CSI: New York--'Live Or Let Die'

By Kristine Huntley
Posted at March 30, 2006 - 6:30 PM GMT

See Also: 'Live Or Let Die' Episode Guide


Two men disguised as a doctor and a patient head to the roof of a hospital, where they hijack a helicopter carrying a liver needed for a transplant. When Danny and Flack find the helicopter the next morning, it's been abandoned on a nearby roof, the pilot injured but alive and tied up inside. Mac and Dr. Hawkes discover the body of the intern, Ryan Elliot, who signed for the liver, by the hospital, on a lift truck by a billboard. The liver is missing. Danny processes the helicopter and takes the tape used to tie the pilot up. He also finds glass in the alley from the getaway car. Dr. Hammerback shows Hawkes that the bullet that killed Ryan was a through and through. The bullet, a jacketed round, is still missing. At the police station, Stella and Lindsay meet Charles Cooper, who they've brought in for questioning in the death of Lillian Stanwick, a twenty-two-year old hostess at the restaurant Majorica. Lillian's last call was to Charles, but he claims not to know her. The CSIs don't believe him--Lillian had his business card, and both of their prints were on it. Charles storms out, sticking to his story.

Dr. Keith Beaumont tells Mac he was waiting for the liver to transplant it into his patient, Ed Rice. He doesn't know Ryan, but assumes he was a courier. He also tells Mac that the list of people who would have known about the liver was a long one. On the roof where the helicopter was found, Mac, Flack and Danny follow a blood trail off the roof. They look down into a grate below--the bullet could have fallen into it. Luckily there's a homeless man across the street fishing for money with a homemade contraption, and Mac talks him into loaning them his fishing device. They recover the bullet and take it back to the lab, where Hawkes has surprising news: the prints of the dead intern match a pediatrics intern named Sean Hovac, not Ryan Elliot. Flack and Hawkes bring the real Ryan Elliot in for questioning, suspecting he may be involved with the conspiracy. He insists his absence was pure coincidence--his roommate called at the last minute with Knicks tickets and he talked Sean into signing for and delivering the liver.

Hammerback tells Lindsay that though there's evidence Lillian had sex before she was killed, he has found no defensive wounds. Lillian was killed by a blow to the head, which caused an arterial subdural hemorrhage in her brain. There were no prints on the bike found underneath her body--perhaps she was pushed into it? Stella pays a visit to Lillian's apartment, where she overhears an angry neighbor complaining about a painter who didn't show up to finish his work. In the apartment, Stella discovers an array of business cards from various men. In the lab, Danny works on a latex fleck pulled from the duct tape and the glass from the getaway car, while Mac maps out the case on the glass wall of his office. Mac thinks there must have been someone on the inside helping the thieves. Hawkes tells him the bullet matched a gun used in the robbery of a dry cleaner recently. Flack pays the suspect, a young woman named Angie Watson, a visit in jail. After some encouragement, she describes to him where she abandoned the gun, but won't name her partners, whom Flack suspects she left the gun for.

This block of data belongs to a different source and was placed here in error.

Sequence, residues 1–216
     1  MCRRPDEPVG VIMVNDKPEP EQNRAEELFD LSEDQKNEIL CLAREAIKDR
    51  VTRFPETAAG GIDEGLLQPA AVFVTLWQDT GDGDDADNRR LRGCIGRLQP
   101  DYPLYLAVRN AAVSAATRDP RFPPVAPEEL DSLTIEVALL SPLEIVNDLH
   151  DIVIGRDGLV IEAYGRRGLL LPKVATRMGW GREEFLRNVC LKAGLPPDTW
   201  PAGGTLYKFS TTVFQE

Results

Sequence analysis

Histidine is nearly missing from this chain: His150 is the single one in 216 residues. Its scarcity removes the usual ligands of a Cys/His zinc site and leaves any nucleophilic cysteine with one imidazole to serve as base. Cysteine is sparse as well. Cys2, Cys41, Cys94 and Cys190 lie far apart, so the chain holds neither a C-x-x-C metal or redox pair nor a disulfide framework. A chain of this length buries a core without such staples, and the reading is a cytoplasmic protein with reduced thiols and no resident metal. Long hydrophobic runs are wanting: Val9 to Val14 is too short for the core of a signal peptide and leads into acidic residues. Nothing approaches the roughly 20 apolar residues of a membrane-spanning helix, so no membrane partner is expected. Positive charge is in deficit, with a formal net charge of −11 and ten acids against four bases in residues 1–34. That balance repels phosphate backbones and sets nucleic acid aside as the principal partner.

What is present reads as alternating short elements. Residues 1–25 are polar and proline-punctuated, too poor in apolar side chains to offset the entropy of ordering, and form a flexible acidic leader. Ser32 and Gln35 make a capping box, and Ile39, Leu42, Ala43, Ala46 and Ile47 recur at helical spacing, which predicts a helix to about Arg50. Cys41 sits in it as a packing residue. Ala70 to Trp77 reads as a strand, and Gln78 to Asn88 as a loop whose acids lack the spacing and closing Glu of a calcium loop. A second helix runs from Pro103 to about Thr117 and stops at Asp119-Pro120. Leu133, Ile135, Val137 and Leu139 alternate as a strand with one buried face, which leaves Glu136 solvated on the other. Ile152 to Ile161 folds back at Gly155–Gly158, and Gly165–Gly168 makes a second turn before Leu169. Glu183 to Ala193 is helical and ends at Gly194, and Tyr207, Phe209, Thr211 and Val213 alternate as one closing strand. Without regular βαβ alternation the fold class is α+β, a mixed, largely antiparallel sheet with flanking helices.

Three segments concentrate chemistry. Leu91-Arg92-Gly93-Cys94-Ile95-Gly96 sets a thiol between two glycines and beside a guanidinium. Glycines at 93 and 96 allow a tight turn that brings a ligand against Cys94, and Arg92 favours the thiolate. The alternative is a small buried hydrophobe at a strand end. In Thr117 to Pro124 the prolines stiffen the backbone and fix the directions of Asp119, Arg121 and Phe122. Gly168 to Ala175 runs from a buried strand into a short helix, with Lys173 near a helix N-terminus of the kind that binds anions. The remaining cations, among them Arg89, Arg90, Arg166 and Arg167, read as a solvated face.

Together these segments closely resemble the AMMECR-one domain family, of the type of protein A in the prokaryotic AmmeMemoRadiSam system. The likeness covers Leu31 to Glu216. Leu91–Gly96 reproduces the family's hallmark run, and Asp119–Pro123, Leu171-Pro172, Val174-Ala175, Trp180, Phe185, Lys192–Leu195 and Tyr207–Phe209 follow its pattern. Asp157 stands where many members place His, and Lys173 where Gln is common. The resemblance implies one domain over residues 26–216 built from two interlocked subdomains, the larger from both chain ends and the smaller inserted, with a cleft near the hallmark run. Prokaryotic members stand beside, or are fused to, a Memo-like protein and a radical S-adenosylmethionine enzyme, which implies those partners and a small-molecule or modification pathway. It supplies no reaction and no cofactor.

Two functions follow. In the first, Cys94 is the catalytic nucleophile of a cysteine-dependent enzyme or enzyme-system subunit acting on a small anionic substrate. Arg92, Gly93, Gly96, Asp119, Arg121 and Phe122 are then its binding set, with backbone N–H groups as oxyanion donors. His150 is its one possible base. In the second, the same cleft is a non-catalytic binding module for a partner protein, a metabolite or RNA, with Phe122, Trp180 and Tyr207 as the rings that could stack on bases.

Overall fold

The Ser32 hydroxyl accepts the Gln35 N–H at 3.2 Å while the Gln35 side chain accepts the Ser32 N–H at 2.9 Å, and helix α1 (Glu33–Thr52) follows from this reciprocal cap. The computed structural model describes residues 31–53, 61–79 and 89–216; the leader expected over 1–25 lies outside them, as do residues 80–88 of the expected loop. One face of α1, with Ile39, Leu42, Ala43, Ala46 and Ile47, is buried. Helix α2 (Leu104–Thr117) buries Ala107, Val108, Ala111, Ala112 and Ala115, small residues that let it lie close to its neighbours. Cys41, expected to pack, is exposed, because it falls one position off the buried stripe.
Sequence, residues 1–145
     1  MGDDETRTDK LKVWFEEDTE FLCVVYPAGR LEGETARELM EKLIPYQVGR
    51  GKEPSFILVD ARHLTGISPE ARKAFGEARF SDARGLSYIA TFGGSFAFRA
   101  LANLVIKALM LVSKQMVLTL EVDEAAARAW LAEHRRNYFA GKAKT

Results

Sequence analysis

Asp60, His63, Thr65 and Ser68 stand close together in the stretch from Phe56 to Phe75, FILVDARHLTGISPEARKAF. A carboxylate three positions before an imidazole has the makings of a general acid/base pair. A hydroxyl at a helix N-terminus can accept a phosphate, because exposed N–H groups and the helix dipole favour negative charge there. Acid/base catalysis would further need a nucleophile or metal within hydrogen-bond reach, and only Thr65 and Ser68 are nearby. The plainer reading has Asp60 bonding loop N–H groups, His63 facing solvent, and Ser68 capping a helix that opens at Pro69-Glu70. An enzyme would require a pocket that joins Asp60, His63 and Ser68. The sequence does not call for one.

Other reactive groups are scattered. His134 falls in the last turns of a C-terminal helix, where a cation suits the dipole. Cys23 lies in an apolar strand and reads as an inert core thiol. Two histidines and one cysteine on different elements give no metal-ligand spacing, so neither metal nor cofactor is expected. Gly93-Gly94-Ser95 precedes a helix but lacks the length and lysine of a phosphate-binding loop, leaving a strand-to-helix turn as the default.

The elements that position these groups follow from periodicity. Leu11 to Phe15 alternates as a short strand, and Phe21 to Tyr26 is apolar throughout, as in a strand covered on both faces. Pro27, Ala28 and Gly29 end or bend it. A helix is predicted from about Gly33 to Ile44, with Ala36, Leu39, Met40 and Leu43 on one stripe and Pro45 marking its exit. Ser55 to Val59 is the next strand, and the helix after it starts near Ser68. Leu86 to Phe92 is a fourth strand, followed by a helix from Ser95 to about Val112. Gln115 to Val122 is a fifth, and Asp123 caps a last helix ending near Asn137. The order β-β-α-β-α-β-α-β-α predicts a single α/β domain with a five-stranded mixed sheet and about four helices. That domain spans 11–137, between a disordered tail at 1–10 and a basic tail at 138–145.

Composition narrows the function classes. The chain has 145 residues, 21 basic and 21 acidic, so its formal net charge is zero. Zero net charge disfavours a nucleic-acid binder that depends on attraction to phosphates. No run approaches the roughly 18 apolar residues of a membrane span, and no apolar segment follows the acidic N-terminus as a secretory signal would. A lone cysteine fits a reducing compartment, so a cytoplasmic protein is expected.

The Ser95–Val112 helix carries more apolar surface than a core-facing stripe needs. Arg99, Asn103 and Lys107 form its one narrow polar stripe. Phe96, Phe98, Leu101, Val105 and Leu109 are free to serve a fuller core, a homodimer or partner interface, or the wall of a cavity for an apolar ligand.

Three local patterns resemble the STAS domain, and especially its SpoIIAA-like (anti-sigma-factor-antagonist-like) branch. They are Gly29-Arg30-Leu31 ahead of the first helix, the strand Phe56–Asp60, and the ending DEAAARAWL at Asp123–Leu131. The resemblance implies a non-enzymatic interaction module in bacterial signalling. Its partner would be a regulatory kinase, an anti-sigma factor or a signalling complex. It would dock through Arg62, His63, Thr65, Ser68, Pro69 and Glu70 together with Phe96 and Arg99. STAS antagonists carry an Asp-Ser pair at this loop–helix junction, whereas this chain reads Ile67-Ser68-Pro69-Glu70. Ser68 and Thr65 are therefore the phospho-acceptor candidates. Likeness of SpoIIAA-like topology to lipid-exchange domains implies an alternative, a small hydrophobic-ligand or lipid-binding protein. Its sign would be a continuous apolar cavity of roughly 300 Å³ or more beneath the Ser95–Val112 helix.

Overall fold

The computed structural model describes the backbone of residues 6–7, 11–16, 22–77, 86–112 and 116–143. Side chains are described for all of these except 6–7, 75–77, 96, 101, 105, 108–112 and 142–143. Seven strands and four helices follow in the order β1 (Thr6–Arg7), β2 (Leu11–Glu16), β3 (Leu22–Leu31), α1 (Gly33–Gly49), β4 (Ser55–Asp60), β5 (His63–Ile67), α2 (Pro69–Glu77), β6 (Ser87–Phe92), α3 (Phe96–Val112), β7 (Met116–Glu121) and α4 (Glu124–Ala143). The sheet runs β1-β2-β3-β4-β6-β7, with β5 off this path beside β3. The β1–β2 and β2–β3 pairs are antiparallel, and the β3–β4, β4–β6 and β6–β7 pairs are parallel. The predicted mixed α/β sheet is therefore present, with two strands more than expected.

Lindsay tells Stella there were two different sperm deposits found in Lillian's body. Stella shows Lindsay the business cards from the men and cross-references them with Lillian's phone records. They zero in on three potential suspects: Charles Cooper, Will Graham and Dwayne Gessner. The two CSIs question the three men individually and discover from the men that Lillian called them for anonymous phone sex. They all deny meeting her or knowing her real name, but a leaf imprint on Charles' coat that matches a leaf found on Lillian's body confirms that he did in fact meet her in the tunnel where she was found. He admits to insisting on meeting her, but claims she picked the place and that they had consensual sex. She insisted he keep his eyes closed, so he only got brief glimpses of her. Lindsay stops by the restaurant where Lillian worked and notices a fishbowl filled with business cards for a free dinner prize--clearly the source of the cards Lillian had. Impatient for the DNA results on the two sperm samples, Lindsay queries Danny about anonymous sex phone calls. When she tells him about the case, he tells her that he thinks their killer might not be one of Lillian's contacts--rape is about power, and Lillian was in control because she initiated the phone calls.